On 12 August, the UN Security Council adopted resolution 2304 authorising the deployment of a further 4,000 troops to the UN peacekeeping mission in South Sudan (UNMISS) as part of a regional protection force. The mandate shift took place amidst recent reports of yet more failures by peacekeepers to come to the aid of civilians. Unfortunately, unlike many UN peacekeeping mandates, the Council wasn’t united in its approach. Russia, China, Venezuela and Egypt all abstained on the resolution. It’s not the first time there have been differences of opinion over the mandate for UNMISS. Yet the growing chasm within the Council comes at a time when UNMISS is being tasked to do even more to secure South Sudan’s capital, Juba, and protect the civilian population.
The latest outbreak of violence in South Sudan erupted in the capital, Juba, just days prior to the five year anniversary of independence for the world’s newest country on 11 July. For most of the population of South Sudan—some 12 million people—there was very little to celebrate anyway. The country has been trying to extricate itself from a violent civil war since December 2013, which has resulted in the displacement of more than 1.6 million civilians internally, forced more than 700,000 to flee across the borders, and resulted in between 160,000 to 200,000 civilians seeking protection at UN sites across the country at any one time. Horrific atrocities and human rights abuses have been inflicted on the civilian population. This has been compounded by an acute humanitarian emergency, with estimates that 4.8 million people are food insecure.
This isn’t the first time that the Security Council has tried to draw South Sudan back from the precipice. Following the outbreak of civil war in December 2013, the Security Council increased the size of the mission and significantly reconfigured it to focus primarily on protection of civilians. Yet the mission continued to limp along in the absence of any political solution to the ongoing conflict until August 2015, when the two major protagonists—President Salva Kiir and the now deposed First Vice-President Riek Machar—eventually signed onto an agreement that would provide a political pathway forward to resolve the largely ethnic-based conflict. The mission mandate was then extensively adjusted again. But not surprisingly, commitment to the agreement wavered from the outset and sporadic fighting continued. That reached boiling point on 7 July 2016 with brutal armed clashes in the capital forcing yet more civilians to flee.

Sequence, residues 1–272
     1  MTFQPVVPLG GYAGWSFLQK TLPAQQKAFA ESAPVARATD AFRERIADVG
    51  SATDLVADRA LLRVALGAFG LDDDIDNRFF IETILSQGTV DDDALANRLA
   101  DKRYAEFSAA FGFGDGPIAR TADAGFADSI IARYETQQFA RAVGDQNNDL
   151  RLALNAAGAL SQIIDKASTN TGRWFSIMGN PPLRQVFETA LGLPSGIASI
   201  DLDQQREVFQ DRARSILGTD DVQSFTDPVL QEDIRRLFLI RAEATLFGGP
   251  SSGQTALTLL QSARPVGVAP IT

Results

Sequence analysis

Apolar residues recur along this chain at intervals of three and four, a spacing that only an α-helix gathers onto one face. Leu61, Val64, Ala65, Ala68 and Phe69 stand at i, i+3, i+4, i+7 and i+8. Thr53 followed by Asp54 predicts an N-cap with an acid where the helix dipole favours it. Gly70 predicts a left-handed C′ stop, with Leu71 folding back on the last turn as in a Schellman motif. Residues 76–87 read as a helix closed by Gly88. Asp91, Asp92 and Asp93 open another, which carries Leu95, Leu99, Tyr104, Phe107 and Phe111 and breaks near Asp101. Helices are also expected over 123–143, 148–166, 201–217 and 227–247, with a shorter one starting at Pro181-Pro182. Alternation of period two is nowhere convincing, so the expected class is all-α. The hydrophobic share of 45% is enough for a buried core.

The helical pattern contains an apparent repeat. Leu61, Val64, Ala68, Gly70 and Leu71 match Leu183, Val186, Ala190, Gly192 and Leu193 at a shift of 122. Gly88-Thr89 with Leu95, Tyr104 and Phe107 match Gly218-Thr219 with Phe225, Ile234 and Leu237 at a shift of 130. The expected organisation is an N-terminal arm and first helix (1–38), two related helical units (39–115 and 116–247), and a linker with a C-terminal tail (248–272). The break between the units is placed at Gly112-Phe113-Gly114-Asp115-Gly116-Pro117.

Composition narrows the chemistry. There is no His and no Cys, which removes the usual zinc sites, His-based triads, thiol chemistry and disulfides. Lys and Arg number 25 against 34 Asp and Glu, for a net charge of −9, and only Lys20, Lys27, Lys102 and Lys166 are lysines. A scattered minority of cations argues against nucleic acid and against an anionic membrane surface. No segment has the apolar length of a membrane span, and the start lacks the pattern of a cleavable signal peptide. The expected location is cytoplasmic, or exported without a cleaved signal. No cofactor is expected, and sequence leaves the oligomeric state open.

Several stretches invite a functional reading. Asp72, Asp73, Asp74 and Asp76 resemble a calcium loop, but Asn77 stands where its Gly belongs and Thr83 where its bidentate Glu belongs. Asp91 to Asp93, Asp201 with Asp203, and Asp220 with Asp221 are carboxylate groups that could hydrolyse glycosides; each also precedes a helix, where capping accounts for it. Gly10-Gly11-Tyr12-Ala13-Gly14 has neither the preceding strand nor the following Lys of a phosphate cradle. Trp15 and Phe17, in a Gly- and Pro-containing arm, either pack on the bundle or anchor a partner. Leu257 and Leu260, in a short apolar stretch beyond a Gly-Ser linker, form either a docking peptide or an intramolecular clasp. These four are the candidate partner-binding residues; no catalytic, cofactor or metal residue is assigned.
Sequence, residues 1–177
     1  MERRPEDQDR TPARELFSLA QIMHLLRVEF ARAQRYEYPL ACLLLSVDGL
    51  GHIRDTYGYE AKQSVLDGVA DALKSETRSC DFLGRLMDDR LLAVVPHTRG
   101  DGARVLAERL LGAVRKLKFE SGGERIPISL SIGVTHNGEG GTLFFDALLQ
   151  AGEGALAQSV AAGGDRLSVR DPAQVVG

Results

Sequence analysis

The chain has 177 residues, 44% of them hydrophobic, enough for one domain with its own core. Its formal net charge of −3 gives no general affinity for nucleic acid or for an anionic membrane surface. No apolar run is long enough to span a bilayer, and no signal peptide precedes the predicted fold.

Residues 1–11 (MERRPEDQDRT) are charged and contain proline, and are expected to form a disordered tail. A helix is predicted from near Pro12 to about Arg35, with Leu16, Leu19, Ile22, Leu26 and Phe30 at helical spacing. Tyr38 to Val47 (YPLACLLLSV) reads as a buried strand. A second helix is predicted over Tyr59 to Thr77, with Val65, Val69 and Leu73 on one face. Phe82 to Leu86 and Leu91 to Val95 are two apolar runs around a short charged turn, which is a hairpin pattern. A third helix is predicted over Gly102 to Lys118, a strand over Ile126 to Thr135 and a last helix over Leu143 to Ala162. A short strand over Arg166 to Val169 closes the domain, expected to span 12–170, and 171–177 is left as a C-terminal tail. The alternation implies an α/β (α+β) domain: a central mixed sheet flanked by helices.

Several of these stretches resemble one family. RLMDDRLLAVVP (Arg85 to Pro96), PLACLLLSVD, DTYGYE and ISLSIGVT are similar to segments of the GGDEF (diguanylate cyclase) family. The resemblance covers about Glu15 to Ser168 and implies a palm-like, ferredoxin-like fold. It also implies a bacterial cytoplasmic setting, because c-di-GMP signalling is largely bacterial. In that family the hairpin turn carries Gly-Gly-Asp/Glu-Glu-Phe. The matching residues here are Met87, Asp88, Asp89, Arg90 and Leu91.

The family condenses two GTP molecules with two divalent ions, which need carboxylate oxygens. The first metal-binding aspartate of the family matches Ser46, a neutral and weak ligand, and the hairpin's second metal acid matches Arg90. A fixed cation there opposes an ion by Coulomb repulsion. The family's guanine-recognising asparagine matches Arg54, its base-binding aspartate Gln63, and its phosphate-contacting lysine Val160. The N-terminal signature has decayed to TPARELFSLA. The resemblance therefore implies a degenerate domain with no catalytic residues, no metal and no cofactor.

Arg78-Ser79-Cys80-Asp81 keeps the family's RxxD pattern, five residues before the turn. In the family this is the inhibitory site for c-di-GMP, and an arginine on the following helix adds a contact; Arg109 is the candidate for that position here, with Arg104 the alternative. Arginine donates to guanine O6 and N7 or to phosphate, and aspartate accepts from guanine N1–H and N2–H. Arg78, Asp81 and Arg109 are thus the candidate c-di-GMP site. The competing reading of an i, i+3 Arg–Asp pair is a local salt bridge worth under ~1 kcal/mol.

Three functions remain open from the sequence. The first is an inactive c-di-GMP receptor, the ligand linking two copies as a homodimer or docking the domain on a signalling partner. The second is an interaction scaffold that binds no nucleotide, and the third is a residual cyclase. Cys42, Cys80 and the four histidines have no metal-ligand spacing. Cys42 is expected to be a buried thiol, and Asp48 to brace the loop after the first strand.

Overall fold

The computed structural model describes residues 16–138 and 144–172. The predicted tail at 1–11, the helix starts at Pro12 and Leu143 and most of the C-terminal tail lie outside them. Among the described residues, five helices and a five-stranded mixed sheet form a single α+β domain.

Resolution 2304 is the latest attempt by the Security Council to coerce the Government of South Sudan to resolve the conflict within its borders. However, the UN has been backed into a difficult corner. The political situation is far from conducive to a UN peacekeeping mission. As Aditi Gorur and I note in this report following our visit to South Sudan last year, efforts by UNMISS to move about the country are frequently obstructed by parties to the conflict. Notwithstanding these significant challenges, however, the mission remains the default tool to provide some measure of physical protection for the civilian population. Yet unfortunately even those efforts have been significantly flawed.
Despite protection of civilians being part of the mandate since UNMISS deployed in July 2011, peacekeepers are still failing to respond when civilians come under attack. This has had tragic consequences in South Sudan, not only for the local population but also for foreign aid workers. Adjusting the mandate alone won’t respond to these deficits in the mission. If UNMISS is to be effective when it comes to protecting civilians, then UN personnel need to be held accountable when they fail to intervene. And that message will only be sent if under-performing troop and police contributors are repatriated home when they fail to act.
But this again presents another problem for the mission. It now needs to generate an additional 4,000 military personnel to fulfil the new mission mandate of 17,000 troops. Past experience has shown that will be difficult. When the mission reconfigured in December 2013, efforts to generate an additional 5,500 military personnel were still underway nearly two years later. While recent UN peacekeeping summits have shown that countries are willing to engage, force generation efforts are likely to be compounded by the difficult relationship with the Government of South Sudan, as well as ongoing concerns among contributing countries about the volatile security situation on the ground.
Ultimately a UN peacekeeping mission isn’t the solution to the conflict in South Sudan. Political pressure needs to be brought to bear on the protagonists to fully implement the peace agreement. The arms embargo threatened in resolution 2304 could provide the necessary coercive ‘stick’. But that will require two items in short supply—a degree of political unity in the Council and regional willingness to implement the embargo.
In the absence of any political solution in South Sudan, UN peacekeeping remains the default mechanism to physically protect some of the tens of thousands of civilians seeking a reprieve from the current conflict. Australia is among the more than 60 countries providing uniformed personnel as peacekeepers to UNMISS. And like all those countries, we have an interest in ensuring UNMISS can fulfil its mandate, protect the civilian population and support efforts to find a political resolution to the conflict.